Pharmacist-physician collaborative care effective in T2DM

May 15, 2013

Pharmacists working in a collaborative relationship with physicians in different practice settings were able to help more patients with type 2 diabetes achieve glycemic control without adding to the medication burden, according to a report published May 8 in The Annals of Pharmacotherapy.

Pharmacists working in a collaborative relationship with physicians in different practice settings were able to help more patients with type 2 diabetes achieve glycemic control without adding to the medication burden, according to a report published May 8 in The Annals of Pharmacotherapy.

 

Michelle Z. Farland, PharmD, BCPS, of the College of Pharmacy, Health Science Center, University of Tennessee, Knoxville, and her colleagues enrolled more than 200 patients with type 2 diabetes from seven practice sites in Tennessee for the 12-month study. Before the prospective multicenter study started, the collaborative teams of pharmacists and physicians were developed. The majority of the patients were male (60%) and white (66%), with a mean age of 60 years.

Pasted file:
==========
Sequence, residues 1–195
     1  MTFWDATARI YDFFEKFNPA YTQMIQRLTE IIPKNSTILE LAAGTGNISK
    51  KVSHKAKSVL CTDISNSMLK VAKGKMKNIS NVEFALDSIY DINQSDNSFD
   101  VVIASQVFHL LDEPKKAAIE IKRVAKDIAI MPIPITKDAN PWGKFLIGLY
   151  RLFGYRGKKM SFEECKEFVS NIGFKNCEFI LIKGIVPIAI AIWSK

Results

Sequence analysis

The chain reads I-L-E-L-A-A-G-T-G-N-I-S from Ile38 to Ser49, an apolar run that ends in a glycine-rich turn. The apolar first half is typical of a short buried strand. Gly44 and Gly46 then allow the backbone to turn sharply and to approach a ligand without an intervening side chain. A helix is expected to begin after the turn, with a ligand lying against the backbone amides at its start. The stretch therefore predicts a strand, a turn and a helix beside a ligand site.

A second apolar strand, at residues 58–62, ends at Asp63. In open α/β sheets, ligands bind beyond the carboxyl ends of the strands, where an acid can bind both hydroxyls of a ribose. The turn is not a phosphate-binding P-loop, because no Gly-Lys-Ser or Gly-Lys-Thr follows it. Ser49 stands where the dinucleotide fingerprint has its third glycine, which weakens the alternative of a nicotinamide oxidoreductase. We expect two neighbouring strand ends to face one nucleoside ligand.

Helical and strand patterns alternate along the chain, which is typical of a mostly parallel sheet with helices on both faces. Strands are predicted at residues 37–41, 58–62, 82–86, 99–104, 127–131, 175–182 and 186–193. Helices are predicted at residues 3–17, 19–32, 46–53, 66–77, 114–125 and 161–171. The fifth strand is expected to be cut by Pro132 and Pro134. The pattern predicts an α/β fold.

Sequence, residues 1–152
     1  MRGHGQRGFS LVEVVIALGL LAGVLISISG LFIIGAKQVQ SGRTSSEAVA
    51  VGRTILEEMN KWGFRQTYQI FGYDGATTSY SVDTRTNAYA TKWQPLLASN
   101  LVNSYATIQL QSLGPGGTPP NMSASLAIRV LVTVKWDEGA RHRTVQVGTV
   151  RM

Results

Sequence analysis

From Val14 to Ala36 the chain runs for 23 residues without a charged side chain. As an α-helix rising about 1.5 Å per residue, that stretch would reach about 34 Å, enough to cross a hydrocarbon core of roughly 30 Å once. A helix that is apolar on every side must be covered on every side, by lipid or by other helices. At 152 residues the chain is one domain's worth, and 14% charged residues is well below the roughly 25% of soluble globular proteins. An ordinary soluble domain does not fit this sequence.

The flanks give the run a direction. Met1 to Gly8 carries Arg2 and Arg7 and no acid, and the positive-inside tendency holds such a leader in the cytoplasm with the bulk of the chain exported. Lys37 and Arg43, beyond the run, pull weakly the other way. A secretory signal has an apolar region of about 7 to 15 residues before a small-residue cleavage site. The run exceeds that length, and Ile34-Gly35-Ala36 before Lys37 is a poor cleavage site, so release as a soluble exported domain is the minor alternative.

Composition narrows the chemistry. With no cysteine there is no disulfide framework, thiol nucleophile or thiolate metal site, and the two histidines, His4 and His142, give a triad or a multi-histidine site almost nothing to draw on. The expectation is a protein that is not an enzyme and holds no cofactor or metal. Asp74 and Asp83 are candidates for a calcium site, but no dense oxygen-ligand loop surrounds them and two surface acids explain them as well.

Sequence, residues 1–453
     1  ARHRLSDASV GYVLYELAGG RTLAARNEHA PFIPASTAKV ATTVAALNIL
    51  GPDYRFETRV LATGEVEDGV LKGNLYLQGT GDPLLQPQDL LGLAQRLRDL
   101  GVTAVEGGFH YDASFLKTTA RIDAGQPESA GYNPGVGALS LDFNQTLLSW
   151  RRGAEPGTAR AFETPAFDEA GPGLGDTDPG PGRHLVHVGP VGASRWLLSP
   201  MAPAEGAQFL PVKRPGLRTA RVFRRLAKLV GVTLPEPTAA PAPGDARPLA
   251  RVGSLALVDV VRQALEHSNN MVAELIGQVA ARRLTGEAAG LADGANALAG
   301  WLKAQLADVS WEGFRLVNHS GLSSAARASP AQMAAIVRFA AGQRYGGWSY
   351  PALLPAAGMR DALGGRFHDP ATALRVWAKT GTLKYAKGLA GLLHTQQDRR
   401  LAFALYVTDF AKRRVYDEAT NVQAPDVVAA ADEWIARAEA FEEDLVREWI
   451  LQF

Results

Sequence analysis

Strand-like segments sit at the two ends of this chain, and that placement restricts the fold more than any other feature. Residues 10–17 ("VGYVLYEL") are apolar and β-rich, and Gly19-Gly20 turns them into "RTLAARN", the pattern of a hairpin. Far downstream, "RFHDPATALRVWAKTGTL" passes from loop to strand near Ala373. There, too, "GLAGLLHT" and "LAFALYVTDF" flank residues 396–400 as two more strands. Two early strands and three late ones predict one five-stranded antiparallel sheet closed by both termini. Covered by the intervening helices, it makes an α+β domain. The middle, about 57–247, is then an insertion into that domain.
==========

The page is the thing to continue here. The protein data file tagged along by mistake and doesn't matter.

The researchers followed patients for 1 year to determine any improvement in hemoglobin A1c levels and the proportion of patients who achieved A1c levels less than 7%, the goal for glycemic control established by the American Diabetes Association and the European Association for the Study of Diabetes. They also wanted to determine the percentage of patients with A1c levels greater than 9%.

 

At the end of the study, the A1c levels declined by an average of 1.16% (P <.0001). More than one-third of the patients achieved A1c levels less than 7%, compared to about 13% at baseline (P=.0002). In addition, only 16.5% of patients had A1c levels greater than 9% at the study’s end, compared with 34% at baseline (P <.0001).

 

“Pharmacist-physician collaborative management at multiple practice locations and types of setting (e.g., private, academic, Veterans Affairs medical center) has a positive impact on glycemic control and diabetes-related health maintenance,” the authors wrote. “This was accomplished without increasing the total number of antihyperglycemic agents prescribed and without an increase in patient-reported episodes of hypoglycemia.”